The family of a Colne girl who was left fighting for her life after suffering a brain haemorrhage and stroke is urging parents and young people in Lancashire to learn about the signs of childhood stroke as a new guideline for parents launches today.
In 2012, Charlotte Neve - then seven years old - slipped in and out of two comas after having multiple strokes meaning that when she came round was in a ‘locked-in’ state, unable to speak, move, or blink.
Doctors initially said her chances of recovery were bleak, but she has defied expectations regaining her movement and speech, with her mother, Leila Neve, saying: “So few people realise that children can have strokes, but it doesn’t only happen to old people, it can happen at any age even to babies.
"Everyone needs to be aware of the signs of stroke in children because the faster stroke is treated the better the chance of making a good recovery," Leila added. "Since Charlotte’s strokes, we’ve also experienced a real lack of understanding about childhood strokes which has resulted in me home schooling Charlotte.”
The Guideline, produced by the Royal College of Paediatrics and Child Health (RCPCH) and the Stroke Association, covers diagnosis and rehabilitation and includes signs for spotting strokes in children and is as follows:
- Most children experiencing a stroke will have symptoms recognised by the FAST test: Facial weakness, Arm weakness, Speech problems, Time to call 999
- Some children and young people may complain of a headache and others may have seizures (fits) at the time of the stroke. New and sudden onset of vertigo, dizziness, neck pain or neck stiffness are also sometimes signs that a child or young person is having or has had a stroke.
- Nausea/vomiting, fever or loss of consciousness can also be signs of a stroke in children, so do not discount these.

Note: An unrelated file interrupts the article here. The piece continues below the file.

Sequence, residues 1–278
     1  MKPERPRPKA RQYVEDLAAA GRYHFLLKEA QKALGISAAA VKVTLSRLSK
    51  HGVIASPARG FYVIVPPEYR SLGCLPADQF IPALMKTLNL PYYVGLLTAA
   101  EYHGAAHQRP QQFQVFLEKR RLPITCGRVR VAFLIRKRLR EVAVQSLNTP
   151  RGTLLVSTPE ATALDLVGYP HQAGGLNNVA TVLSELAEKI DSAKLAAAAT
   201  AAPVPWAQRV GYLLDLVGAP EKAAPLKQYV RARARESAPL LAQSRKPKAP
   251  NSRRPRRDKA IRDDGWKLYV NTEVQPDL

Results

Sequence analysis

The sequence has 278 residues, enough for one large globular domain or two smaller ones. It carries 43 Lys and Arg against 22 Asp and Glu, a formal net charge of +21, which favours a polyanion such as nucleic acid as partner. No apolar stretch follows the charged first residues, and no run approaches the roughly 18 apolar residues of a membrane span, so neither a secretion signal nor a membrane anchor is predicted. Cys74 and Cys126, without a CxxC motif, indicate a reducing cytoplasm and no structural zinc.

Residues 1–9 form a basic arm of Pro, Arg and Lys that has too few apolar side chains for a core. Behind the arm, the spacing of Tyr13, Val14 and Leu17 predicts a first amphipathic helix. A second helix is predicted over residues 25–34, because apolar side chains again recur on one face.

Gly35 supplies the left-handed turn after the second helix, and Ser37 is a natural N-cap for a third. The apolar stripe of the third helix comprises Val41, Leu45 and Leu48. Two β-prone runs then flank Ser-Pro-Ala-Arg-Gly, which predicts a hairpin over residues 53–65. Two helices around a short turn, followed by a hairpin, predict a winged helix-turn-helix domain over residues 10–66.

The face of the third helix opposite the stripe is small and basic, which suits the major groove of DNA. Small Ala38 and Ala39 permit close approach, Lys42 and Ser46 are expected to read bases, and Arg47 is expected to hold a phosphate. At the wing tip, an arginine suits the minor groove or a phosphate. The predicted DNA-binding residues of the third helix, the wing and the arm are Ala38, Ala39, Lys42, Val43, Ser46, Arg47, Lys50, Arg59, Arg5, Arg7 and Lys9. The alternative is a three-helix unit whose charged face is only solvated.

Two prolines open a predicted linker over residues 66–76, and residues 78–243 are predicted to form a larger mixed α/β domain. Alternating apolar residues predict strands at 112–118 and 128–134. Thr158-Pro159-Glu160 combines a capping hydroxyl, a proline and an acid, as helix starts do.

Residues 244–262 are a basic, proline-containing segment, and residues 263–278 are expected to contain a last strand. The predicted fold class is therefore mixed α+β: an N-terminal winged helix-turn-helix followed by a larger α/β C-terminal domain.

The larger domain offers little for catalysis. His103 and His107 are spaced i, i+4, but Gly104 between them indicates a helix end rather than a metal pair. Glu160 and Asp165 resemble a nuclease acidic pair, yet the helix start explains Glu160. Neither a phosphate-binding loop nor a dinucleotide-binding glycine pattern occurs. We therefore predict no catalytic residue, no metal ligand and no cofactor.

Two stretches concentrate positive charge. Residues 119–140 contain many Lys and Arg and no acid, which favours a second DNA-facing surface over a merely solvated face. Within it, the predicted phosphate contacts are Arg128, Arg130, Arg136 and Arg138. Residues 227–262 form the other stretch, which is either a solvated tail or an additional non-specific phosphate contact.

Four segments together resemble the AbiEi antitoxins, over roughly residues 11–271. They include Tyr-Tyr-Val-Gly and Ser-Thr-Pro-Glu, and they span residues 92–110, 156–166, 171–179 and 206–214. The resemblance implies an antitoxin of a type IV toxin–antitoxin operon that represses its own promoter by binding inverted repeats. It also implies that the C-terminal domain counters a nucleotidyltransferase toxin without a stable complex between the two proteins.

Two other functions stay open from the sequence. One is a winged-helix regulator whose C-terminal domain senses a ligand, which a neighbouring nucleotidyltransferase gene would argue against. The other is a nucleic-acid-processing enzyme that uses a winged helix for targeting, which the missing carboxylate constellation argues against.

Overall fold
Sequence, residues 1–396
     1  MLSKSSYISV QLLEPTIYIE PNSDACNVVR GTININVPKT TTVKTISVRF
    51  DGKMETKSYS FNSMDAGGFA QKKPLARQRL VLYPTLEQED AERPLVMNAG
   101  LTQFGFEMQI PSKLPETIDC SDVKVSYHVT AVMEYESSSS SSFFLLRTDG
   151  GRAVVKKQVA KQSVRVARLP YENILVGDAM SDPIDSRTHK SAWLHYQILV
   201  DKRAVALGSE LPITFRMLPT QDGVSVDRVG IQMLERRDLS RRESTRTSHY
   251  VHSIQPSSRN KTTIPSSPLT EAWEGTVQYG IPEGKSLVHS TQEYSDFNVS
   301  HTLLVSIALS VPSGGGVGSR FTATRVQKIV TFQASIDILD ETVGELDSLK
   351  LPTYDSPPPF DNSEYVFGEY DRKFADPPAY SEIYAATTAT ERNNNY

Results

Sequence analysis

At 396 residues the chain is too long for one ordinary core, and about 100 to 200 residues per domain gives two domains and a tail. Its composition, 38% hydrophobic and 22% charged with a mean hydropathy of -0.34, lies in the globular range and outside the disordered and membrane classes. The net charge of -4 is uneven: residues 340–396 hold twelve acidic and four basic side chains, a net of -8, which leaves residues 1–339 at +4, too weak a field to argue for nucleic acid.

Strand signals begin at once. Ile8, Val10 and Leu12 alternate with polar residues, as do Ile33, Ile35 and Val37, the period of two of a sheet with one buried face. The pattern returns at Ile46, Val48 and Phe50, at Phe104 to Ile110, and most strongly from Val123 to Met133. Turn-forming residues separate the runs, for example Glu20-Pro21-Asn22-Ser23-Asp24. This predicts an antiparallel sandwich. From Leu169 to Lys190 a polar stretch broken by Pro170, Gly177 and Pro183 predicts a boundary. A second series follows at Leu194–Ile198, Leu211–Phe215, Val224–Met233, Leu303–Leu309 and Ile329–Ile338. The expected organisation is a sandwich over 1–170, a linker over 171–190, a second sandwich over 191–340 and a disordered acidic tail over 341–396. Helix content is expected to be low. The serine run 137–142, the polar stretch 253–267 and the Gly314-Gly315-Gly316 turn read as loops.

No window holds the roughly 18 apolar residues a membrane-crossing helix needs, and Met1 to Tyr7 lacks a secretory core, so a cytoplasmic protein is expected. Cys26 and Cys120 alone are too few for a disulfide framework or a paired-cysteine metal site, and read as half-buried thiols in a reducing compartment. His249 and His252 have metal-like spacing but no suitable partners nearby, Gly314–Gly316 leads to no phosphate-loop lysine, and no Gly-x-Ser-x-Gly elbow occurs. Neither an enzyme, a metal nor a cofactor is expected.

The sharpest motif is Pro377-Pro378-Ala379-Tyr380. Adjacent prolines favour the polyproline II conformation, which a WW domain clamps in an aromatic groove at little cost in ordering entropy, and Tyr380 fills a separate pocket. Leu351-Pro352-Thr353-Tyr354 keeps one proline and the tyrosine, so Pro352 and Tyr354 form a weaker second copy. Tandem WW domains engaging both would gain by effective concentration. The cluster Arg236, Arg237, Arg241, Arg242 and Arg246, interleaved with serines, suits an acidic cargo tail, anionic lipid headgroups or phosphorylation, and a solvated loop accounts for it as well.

Dr Vijeya Ganesan, a paediatric neurologist and spokesperson for the Royal College of Paediatrics and Child Health, said: “Although much less common than in adults, stroke is a devastating childhood illness, leaving permanent effects on most affected children. Early recognition is important to direct children towards rapid diagnosis and treatment.
"Many children with symptoms or signs that suggest stroke may have other serious neurological disorders and could also benefit from the changes in approach recommended by the guideline," Dr Ganesan continued. "The guidelines also provide comprehensive information on how to best manage the long term needs of children, particularly rehabilitation.”
Juliet Bouverie, Chief Executive of the Stroke Association, added: “Childhood stroke is often extremely frightening and stressful for children and their families. Far too few people realise that a child can have a stroke, which means diagnosis and treatment can take longer than for older patients. Whatever age you are, when stroke strikes, quick diagnosis is vital.”
To find out more and download the guidelines visit www.rcpch.ac.uk/stroke-guideline.